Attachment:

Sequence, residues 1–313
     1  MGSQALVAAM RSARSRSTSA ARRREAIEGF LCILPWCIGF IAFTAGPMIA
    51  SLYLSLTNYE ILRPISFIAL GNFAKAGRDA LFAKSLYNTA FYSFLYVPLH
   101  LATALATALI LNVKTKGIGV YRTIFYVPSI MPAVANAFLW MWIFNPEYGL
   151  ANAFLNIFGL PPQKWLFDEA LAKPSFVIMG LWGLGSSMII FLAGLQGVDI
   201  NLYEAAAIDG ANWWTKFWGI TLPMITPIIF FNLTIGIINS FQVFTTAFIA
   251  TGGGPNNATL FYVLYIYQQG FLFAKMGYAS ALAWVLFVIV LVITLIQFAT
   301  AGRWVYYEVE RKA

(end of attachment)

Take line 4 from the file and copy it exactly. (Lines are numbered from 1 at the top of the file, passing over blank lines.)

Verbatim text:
   101  LATALATALI LNVKTKGIGV YRTIFYVPSI MPAVANAFLW MWIFNPEYGL